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A Letter on Conscience

By G.V. Wigram


      My Dear -, What is commonly called a vow (that is, pledging yourself without or with penalties if it is broken) is, in itself, the fruit of self-confidence and energy in the flesh -- two things which mark fallen men, and which God abhors.

      Conscience is a natural thing, and came in with the fall in Eden; for, till then, all in man was right, and he could not think God had anything against His own unmarred handiwork -- which man was. I notice conscience here because with it comes the question of honesty and uprightness, which are of great moment to the Christian. But if conscience is the knowledge which a man has before God, as to God's thoughts of this or of that, the unconverted man has no light of revelation in his soul; and the light which comes in at conversion makes everything manifest. A conscience must be, placed in the light and have the teaching of God ere it can rest satisfied that it knows what is right.

      Many men have vowed to commit a sin, and used the vow as the excuse for doing it; and yet had anyone said to them, Dare you say to God, "Thou wouldest that I should commit this murder," or whatever the sin be, they would reply, "Certainly I cannot. Even nature tells me it is sin." If a man vowed to be an apostle, or to convert many people, or not to marry, etc., let him confess his sin, and leave himself in God's hand. He has assumed power to be in himself, and it is not there.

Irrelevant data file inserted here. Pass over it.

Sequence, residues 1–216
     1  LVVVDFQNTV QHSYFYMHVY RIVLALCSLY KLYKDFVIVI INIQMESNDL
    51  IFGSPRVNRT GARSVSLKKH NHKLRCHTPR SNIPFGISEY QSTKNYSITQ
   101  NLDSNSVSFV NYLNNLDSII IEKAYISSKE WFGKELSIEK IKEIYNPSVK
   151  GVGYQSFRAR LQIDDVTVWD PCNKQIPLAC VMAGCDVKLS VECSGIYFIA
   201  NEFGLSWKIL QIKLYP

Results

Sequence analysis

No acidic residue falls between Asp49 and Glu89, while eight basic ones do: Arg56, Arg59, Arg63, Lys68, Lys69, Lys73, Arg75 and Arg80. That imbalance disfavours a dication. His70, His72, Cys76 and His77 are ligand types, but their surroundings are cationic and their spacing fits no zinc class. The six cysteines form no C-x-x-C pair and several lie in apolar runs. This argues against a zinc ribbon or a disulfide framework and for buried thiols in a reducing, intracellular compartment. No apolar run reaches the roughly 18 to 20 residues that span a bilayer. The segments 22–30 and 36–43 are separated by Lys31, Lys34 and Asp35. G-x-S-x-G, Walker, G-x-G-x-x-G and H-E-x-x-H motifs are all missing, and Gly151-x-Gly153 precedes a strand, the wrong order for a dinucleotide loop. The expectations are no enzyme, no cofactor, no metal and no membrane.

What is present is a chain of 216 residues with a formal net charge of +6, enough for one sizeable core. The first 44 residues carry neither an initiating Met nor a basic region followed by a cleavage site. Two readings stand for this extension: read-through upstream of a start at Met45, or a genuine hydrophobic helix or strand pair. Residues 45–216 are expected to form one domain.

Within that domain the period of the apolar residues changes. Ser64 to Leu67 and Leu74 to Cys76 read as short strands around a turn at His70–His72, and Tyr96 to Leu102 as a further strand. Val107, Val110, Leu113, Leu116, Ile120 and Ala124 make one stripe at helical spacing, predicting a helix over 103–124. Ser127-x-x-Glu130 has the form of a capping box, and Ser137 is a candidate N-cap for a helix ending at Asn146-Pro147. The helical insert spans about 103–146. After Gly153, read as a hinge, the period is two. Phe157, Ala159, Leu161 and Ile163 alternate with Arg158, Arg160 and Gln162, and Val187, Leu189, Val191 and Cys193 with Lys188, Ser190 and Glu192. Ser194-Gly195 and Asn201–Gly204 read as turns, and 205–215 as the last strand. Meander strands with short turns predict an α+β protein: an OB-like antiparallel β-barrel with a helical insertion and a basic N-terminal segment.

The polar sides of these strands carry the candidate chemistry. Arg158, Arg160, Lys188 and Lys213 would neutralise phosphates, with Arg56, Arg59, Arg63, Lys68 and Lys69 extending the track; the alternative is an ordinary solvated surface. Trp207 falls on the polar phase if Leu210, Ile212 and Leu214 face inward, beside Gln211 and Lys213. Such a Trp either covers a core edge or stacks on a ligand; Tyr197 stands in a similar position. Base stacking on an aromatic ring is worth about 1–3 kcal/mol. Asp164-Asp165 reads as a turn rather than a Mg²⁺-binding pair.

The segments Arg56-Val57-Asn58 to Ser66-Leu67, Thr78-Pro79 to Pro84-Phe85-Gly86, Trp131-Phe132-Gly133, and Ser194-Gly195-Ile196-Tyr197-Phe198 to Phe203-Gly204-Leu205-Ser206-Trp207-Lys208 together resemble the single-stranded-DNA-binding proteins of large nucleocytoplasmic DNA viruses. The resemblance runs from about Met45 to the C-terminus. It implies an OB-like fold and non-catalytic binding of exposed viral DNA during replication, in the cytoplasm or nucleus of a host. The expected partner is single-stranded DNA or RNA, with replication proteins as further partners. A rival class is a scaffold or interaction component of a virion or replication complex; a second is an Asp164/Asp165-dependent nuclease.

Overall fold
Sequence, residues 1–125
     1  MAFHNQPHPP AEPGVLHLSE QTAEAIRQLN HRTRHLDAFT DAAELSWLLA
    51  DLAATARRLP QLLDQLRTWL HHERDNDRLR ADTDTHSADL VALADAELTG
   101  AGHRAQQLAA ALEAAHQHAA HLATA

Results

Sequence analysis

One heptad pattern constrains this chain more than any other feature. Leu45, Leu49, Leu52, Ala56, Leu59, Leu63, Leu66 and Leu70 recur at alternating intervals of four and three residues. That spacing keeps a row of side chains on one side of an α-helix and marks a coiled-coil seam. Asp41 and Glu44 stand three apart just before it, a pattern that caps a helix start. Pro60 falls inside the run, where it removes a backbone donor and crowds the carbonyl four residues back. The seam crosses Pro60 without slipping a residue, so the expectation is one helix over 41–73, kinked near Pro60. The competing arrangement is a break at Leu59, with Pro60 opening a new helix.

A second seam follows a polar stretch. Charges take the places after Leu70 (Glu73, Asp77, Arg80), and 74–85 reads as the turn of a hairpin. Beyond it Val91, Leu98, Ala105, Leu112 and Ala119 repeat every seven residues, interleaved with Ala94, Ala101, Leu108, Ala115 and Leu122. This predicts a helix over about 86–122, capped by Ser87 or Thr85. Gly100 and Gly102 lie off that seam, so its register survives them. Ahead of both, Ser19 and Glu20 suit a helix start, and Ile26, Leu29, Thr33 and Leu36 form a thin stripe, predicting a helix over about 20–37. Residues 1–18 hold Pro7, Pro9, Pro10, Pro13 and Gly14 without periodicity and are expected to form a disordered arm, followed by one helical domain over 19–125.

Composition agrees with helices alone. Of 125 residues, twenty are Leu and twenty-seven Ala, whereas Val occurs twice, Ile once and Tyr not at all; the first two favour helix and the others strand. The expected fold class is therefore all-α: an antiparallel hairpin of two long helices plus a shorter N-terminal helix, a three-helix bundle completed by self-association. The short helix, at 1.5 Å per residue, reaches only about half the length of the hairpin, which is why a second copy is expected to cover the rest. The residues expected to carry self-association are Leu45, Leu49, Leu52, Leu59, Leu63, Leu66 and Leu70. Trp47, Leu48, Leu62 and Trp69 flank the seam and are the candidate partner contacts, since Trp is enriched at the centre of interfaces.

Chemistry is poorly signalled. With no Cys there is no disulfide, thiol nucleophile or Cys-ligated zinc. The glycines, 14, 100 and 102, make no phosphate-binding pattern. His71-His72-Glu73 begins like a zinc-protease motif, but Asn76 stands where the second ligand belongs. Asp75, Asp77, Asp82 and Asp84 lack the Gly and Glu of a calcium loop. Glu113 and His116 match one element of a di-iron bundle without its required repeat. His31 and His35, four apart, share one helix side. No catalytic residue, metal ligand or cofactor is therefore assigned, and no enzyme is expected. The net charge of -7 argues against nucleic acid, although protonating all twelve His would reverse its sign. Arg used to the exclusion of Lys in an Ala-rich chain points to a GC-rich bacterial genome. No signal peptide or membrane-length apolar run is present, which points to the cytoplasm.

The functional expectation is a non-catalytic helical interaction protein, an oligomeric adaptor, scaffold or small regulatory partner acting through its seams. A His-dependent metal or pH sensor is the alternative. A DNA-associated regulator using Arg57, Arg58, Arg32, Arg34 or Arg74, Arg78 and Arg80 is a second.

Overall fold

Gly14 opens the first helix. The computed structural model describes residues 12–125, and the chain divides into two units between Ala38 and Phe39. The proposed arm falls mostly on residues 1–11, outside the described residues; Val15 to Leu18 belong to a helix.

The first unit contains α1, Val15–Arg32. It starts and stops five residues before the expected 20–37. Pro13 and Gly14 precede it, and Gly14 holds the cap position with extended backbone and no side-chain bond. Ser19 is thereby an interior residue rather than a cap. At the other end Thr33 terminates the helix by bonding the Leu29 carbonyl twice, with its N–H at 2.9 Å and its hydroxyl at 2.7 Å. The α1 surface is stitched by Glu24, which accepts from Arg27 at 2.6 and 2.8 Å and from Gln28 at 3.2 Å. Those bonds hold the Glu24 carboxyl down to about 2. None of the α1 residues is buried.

As to the other question, it is I think merely the result of the departure from the truth of the apostles' teaching. Children of God by faith, because ye are sons, God has sent forth the Spirit of adoption to you, crying, Abba, Father.

      God puts all in Christ, and makes it ours through faith and by the Spirit; and many want to get up a form of experience   -   a school examination of the believer. The result is, that many who are glibly proclaimers of themselves, boast that they have the Spirit of the Son, must have it because they profess to believe, but remain hard and dogmatic in their spirit; and others who in secret cry, Abba, Father, are made to mourn, because they are told they are not able to prove their having the Spirit of adoption.

      G. V. W. (1873).

      Christian Friend vol. 16, 1889, p. 24.

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